Route map and elevation profile

8/6/2016

Pangolin

Filed under: — stan @ 9:36 pm

We went to San Diego this weekend to visit my father, and since it’s summer, we also went to the zoo to see the pangolin. The San Diego Zoo is the only place in the western hemisphere to see a pangolin, and they only bring Baba our for 15 minutes a day, and only in summer. I’d taken Lucinda there to see the pangolin last summer, but Kathleen wasn’t able to go that time. So this was her chance to see one of the oddest animals ever.

We got to the zoo a little early, so we walked around and looked at some other animals while we waited for it to be pangolin time. Then we headed over to the children’s zoo. At 1:30 one of the keepers came out with Baba the pangolin. She put him on the little tree and platform they made for him so he could eat. She said that they feed him a slurry of cat food and ground-up insects, all mixed with vanilla-flavored Ensure. Yum. He seemed to like it all right, and it gave us a chance to see his famously-long tongue. After his 15 minutes were up, Baba climbed down off the platform and just started walking back to the building where he lives. This was interesting, since it’s the first time we got to see how he walks on the ground.

After pangolin time, we headed over to the Australia exhibit to see the Tasmanian Devils. As usual, they were all sleeping.

Finally, we walked down the hill to go see the hippos. A few years ago, we got to see a baby hippo there, so we wanted to go back again. And while we were there, we got to see fresh hippo poop. That always makes my day…


7/31/2016

Pyramid Scheme

Filed under: — stan @ 3:17 pm

A few years ago, the Sunday bike club group rode the Ciclavia to Venice. On the way back, we passed by the back side of Angelus-Rosedale cemetery, and I noticed a 10-12 foot high pyramid in the cemetery. I was curious, and I found out that there were two pyramids in that cemetery, and only three in the Los Angeles area. We rode down there to see the two pyramids, and today’s ride was to Brand Park in Glendale to see the third one and complete the trilogy.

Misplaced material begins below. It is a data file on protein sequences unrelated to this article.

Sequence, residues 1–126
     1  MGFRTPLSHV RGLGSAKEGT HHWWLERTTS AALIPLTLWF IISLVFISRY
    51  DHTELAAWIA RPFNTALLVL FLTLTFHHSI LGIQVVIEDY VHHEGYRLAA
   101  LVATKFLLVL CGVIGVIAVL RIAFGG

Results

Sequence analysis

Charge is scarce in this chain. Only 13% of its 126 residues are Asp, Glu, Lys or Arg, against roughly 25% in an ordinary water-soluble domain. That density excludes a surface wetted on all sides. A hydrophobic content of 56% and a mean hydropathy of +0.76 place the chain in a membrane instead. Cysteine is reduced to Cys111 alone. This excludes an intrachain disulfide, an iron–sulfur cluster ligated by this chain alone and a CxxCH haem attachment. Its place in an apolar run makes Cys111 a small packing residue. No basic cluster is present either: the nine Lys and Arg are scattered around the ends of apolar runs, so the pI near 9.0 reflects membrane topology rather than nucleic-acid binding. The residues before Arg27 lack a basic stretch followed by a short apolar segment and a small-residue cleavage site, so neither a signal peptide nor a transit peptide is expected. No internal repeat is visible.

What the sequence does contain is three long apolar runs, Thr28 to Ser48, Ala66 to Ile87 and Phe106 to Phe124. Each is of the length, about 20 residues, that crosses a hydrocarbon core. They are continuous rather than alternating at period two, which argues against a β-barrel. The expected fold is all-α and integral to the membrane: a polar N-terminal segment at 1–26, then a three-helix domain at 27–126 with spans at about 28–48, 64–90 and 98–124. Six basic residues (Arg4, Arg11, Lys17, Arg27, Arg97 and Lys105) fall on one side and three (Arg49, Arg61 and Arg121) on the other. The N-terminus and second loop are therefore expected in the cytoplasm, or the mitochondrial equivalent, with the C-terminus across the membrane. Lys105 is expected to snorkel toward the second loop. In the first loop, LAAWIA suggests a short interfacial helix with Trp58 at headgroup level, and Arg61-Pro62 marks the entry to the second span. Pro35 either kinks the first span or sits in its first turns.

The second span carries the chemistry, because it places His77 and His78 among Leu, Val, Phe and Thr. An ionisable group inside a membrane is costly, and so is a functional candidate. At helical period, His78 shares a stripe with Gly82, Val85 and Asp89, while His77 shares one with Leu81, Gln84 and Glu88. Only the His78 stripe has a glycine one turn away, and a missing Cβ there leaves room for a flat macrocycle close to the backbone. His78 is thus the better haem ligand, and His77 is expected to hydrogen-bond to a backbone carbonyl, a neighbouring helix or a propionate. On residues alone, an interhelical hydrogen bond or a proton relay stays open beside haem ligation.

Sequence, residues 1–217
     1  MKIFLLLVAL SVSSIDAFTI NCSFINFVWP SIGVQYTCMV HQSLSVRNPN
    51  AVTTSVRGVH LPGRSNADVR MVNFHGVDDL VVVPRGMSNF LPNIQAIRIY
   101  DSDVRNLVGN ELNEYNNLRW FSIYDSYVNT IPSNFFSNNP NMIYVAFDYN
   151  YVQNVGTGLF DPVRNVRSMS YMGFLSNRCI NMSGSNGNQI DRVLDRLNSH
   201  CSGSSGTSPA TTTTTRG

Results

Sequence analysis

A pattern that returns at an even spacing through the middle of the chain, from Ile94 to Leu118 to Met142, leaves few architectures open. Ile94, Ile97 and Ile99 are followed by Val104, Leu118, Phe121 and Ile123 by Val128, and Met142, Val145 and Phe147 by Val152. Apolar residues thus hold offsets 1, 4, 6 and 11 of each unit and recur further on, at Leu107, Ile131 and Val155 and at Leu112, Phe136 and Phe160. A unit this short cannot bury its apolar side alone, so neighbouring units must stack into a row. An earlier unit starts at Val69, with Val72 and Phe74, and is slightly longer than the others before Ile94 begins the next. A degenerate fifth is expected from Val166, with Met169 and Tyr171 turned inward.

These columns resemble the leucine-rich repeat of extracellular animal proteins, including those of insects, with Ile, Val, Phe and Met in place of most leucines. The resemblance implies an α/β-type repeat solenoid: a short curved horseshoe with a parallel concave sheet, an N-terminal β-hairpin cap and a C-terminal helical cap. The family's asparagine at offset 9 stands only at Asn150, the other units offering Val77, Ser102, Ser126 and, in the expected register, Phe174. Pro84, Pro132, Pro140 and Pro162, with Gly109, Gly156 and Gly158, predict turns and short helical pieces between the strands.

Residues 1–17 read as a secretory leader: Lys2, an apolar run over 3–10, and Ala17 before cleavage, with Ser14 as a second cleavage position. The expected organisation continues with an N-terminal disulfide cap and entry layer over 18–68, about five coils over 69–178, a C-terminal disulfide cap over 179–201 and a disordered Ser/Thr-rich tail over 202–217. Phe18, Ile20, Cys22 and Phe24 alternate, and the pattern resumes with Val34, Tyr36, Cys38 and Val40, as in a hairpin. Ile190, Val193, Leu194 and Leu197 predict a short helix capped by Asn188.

The pyramid is in the small Brand family cemetery, which is all the way in the back of Brand Park. We had to walk our bikes past a gate, and then we had to walk up a flight of steps at the end of the road to see it. It was about the same size as the other two pyramids, but it did not have a door like the others.

After seeing the pyramid, we went to Paradise Bakery for eclairs. I’ve always said that their eclairs are the best, although they seem to have altered the recipe a bit. The filling was more whipped-cream-like than it used to be, and the eclairs were about 50% larger. But it was still good. Then we headed home by way of La Cañada. In the end, when I got home I realized I’d made a mistake, and the route was not quite as long as I thought it would be. But we got to see the pyramid.

32 miles

Route map and elevation profile

7/24/2016

Dome Day

Filed under: — stan @ 2:51 pm

Today’s bike club ride was a dome-themed ride. First, we went to see the “Domestead” in Glassell Park. This is a three-level house in a geodesic dome built into a hillside. And on the way back, we went to see the ‘Bubble House‘ in Pasadena, which has the distinction of being the only such house still standing in the U.S.